Because of uncertainty created by the litigation, the estate requested an extension of time to file the estate tax return.  The IRS granted the estate a six month extension; however, the estate did not file the return during the extension period and filed it almost nine months after the extended period had ended.  During this period there were delays in the state court litigation caused by the illness of the named executor and the attorney for the estate.  Once the estate filed the return, the IRS assessed the reported liability, which turned out to be about $900,000 less than the estate had paid in estimated payments.  This seems like a happy ending for the estate; however, the IRS imposed a late filing penalty on the estate arguing that the estate had not fully paid its liability at the time the return was due and that it did not timely file the return.  It calculated the penalty based on the difference between the timely payment of $725,000 and the estate tax liability of $2,528,838.  Because the return was filed more than five months late, the IRS multiplied 25% times the difference between the liability and the timely payment ($1,803,838) resulting in a penalty of $450,959.50 and a net “Overpayment” of $488,719.34 which it cheerfully refunded to the estate.  The estate, however, was not cheerful over this result.

The estate brought a refund suit seeking to recover the penalty amount.  The district court initially held for the estate; however, the IRS argued that the court applied the wrong standard in its initial opinion.  The IRS asserted that the de novo standard of review is appropriate for assessing the issue of whether the estate demonstrated reasonable cause and not willful neglect in failing to timely file its estate tax return; whereas the Court’s original memorandum used the arbitrary and capricious standard.  The Court vacates its prior memorandum and files this superseding memorandum in its place.

The court starts its analysis by giving a nod to Boyle:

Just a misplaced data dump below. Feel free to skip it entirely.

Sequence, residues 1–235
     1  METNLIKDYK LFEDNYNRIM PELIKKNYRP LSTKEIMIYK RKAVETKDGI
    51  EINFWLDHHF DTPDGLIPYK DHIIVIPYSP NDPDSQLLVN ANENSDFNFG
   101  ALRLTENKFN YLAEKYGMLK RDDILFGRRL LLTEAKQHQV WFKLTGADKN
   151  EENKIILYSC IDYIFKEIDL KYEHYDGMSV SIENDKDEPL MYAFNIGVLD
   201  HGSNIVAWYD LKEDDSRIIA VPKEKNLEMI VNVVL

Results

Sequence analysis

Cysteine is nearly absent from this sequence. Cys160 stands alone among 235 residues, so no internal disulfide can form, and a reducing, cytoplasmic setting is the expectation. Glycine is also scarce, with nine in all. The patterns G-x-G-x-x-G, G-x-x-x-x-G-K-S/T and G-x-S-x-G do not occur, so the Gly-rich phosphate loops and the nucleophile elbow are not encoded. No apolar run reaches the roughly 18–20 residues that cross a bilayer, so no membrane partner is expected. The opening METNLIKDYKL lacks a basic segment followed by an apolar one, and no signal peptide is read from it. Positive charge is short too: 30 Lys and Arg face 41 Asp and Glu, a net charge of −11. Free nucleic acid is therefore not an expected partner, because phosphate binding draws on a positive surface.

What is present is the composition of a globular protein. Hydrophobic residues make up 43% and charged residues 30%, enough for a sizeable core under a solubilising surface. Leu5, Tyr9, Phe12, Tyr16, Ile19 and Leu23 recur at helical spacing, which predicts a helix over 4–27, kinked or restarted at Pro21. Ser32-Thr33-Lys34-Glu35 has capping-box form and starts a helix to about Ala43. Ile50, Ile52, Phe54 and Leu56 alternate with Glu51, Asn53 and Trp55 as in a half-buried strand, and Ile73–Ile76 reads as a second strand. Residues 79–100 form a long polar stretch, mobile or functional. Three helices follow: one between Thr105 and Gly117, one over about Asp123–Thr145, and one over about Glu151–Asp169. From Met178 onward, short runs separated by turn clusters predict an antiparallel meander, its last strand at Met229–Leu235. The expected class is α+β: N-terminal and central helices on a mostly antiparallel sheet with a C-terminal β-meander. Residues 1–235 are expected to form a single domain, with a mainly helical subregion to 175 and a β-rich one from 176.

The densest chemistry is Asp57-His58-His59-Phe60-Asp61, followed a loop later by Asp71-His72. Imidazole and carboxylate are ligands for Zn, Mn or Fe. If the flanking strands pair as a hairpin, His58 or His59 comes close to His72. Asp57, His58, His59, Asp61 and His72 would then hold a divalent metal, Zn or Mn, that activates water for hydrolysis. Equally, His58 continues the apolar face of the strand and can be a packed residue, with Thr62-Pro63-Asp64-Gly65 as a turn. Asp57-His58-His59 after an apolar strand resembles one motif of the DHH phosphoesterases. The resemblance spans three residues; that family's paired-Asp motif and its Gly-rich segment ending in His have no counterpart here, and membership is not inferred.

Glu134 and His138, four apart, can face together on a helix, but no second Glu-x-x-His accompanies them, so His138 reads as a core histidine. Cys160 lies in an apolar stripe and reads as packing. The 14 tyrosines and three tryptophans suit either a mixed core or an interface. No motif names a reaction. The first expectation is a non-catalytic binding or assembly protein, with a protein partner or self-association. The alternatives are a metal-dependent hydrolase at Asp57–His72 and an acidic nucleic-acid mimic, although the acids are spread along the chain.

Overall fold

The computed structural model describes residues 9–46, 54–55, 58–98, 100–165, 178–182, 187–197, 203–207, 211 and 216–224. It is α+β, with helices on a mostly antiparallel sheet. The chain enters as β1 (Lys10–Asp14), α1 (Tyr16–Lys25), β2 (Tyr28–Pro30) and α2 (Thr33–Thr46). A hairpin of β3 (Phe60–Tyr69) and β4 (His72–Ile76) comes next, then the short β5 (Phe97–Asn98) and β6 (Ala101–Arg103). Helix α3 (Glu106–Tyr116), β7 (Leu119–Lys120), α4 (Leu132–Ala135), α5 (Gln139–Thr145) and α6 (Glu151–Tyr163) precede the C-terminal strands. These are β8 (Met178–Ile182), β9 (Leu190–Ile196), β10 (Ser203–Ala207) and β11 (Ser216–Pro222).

[T]he law has evolved in estate tax matters to acknowledge that the estate bears the burden in proving that it has exercised ordinary business care and prudence in the event it filed a late return. United States v. Boyle, 469 U.S. 241, 246 (1985) (quoting 26 CFR § 301.6651(c)(1) (1984)).


In Boyle, Chief Justice Burger addressed “whether a taxpayer’s reliance on an attorney to prepare and file a tax return constitutes ‘reasonable cause’ under § 6651(a)(1) of the Internal Revenue Code, so as to defeat a statutory penalty incurred because of a late filing.” Id. at 242. According to 26 CFR § 301.6651-1(c)(1), a taxpayer filing a late return must show that he or she exercised ordinary business care and prudence and was nevertheless unable to file the return within the prescribed time. Id. at 243. Chief Justice Burger reasoned there was an administrative need for strict filing requirements.

Having given the obligatory nod to Boyle, the court then sets off on its own analysis of the statute and how, in the facts of this case the late filing of the return does not trigger the penalty:

In the Court’s view, the resolution of this matter hinges on an interpretation of a section of the IRS Code (26 C.F.R. § 6651) called “Failure to file tax return or to pay tax.” . . .

Generally, § 6651 addresses the assessment of penalties for late filing of a return, and late payment of taxes due. More specifically, the penalty under § 6651(a)(1) addresses the failure to file a timely return:

In case of failure (1) to file any return on the date prescribed therefor (determined with regard to any extension of time for filing), unless it is shown that such failure is due to reasonable cause and not due to willful neglect, there shall be added to the amount required to be shown as tax on such return 5 percent of the amount of such tax if the failure is for not more than 1 month, with an additional 5 percent for each additional month or fraction thereof during which such failure continues, not exceeding 25 percent in the aggregate. . . . 26 U.S.C. § 6651(a)(1). . . .

The calculation of the penalty imposed for failure to timely file a return (subsection (a)(1)) and failure to timely pay the tax (subsection (a)(2)) is clarified in § 6651(b). It declares:

(b) Penalty imposed on net amount due. For purposes of —

(1) subsection (a)(1), the amount of tax required to be shown on the return shall be reduced by the amount of any part of the tax which is paid on or before the date prescribed for payment of the tax and by the amount of any credit against the tax which may be claimed on the return,
(2) subsection (a)(2), the amount of tax shown on the return shall, for purposes of computing the addition for any month, be reduced by the amount of any part of the tax which is paid on or before the beginning of such month and by the amount of any credit against the tax which may be claimed on the return[.]
§ 6651(b).